Rather than dumping dredged sediment off the continental shelf, the Corps of Engineers could use that sediment to rebuild coastal wetlands. In fact, while visiting New Orleans in February 2011, IWLA Board members toured a site where this exact approach was used successfully to rebuild 493 acres of marsh. (See sidebar on the previous page for more details.)
The New Orleans District of the Army Corps of Engineers has the largest annual channel operations and maintenance program in the entire Corps. A 2004 Corps report estimates that the New Orleans District dredges approximately 70 million cubic yards of material from the Mississippi River every year and puts only 14.5 million cubic yards of that to “beneficial use.” The report states that there is “reasonable potential” to use an additional 30 million cubic yards of dredge material from the New Orleans District for beneficial use each year if funding were available. The additional cost is approximately $1.00 per cubic yard for beneficial placement of sediment, which creates approximately 0.00025 acres of land. “Four thousand dollars per acre – a trivial cost considering the economic and ecosystem services an acre of wetlands provides,” says Muth.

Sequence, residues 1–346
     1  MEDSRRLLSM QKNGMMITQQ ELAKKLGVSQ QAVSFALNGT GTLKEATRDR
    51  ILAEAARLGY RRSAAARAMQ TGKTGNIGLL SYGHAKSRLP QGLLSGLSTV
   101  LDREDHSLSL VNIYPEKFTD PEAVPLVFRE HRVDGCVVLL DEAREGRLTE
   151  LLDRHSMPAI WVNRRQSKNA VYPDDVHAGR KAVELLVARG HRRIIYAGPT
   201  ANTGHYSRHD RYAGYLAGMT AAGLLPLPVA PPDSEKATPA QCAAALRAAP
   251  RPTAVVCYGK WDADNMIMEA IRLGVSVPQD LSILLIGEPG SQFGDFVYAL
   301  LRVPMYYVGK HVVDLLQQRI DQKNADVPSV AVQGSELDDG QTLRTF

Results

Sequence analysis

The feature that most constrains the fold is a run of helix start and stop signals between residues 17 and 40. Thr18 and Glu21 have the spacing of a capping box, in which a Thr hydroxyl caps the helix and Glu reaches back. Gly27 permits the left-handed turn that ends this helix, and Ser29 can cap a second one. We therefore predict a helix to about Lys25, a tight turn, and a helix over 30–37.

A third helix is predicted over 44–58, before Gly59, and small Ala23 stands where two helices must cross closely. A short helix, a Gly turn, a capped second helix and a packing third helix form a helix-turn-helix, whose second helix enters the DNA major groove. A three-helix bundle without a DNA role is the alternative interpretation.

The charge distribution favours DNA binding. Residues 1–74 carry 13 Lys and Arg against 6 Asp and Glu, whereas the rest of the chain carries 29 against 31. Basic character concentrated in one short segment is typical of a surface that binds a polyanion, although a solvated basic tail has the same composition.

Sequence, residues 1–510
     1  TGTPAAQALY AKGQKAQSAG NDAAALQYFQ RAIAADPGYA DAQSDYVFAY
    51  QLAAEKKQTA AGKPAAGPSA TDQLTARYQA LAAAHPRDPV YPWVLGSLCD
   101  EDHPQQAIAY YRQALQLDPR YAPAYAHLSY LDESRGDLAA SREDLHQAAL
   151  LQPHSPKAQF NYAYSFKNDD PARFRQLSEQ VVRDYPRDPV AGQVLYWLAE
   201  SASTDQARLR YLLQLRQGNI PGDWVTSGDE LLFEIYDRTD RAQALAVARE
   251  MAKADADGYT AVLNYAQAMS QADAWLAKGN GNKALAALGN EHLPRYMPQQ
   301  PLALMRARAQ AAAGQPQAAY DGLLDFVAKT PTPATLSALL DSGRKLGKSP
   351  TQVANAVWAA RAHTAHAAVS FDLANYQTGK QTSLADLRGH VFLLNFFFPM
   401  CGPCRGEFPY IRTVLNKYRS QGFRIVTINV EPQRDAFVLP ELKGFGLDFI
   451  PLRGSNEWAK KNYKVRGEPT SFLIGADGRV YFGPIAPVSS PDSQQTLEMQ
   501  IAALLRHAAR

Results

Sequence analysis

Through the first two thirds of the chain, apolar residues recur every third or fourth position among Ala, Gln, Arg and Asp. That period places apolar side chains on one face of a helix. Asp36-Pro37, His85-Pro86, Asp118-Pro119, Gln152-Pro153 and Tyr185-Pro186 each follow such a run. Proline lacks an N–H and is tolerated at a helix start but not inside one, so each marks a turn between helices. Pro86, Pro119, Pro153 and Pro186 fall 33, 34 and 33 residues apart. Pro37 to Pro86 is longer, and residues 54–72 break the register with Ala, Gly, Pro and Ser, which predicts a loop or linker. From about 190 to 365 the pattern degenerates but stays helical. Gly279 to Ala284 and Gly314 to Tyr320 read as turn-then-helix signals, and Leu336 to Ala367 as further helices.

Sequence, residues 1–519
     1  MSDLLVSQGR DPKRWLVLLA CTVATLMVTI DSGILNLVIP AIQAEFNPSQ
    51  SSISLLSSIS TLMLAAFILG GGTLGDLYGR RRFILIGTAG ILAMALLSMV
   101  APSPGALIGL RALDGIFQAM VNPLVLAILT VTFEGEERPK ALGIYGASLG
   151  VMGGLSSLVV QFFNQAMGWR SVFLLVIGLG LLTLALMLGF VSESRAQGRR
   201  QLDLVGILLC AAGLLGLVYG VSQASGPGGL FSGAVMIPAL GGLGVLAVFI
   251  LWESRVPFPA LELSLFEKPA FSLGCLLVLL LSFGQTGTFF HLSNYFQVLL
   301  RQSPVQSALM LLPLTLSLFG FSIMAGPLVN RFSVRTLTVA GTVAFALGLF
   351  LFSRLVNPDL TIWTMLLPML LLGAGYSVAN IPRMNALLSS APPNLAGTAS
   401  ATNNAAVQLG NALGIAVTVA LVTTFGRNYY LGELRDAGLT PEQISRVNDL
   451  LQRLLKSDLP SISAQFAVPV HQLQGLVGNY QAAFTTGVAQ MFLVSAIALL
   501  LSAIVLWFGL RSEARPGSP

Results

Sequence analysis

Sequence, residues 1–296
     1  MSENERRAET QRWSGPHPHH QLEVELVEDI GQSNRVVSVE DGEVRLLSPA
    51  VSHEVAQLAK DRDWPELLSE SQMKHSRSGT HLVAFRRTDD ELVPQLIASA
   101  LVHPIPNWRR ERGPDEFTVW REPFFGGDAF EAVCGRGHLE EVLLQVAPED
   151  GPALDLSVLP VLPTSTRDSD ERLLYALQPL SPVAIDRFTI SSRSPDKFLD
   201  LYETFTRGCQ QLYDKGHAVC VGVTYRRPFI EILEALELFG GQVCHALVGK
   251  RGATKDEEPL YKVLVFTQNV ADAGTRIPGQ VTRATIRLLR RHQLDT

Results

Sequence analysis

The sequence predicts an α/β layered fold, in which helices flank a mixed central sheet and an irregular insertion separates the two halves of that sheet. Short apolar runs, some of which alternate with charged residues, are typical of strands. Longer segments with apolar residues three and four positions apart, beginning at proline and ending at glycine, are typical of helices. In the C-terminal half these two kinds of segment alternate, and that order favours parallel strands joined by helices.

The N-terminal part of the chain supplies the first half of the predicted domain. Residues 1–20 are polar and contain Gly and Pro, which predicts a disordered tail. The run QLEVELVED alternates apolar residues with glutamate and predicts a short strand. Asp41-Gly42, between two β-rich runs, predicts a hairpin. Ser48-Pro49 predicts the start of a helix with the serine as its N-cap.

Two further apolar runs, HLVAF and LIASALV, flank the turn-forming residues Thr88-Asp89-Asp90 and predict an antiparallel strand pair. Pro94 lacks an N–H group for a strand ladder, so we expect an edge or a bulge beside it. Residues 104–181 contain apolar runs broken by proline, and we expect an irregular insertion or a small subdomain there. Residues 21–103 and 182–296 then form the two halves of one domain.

Other proposed strategies to protect and rebuild coastal wetlands include additional dredging to increase the amount of material available to restore, create, or enhance coastal wetlands; diverting waters to specific wetland areas to restore fresh water and sediment flows and rebuild wetlands; preventing sediment loss into the Gulf of Mexico by trapping and pumping sediment to create marsh land; and refilling unused oil and gas canals to restore the flow of water and nutrients to wetlands and prevent additional salt water intrusion.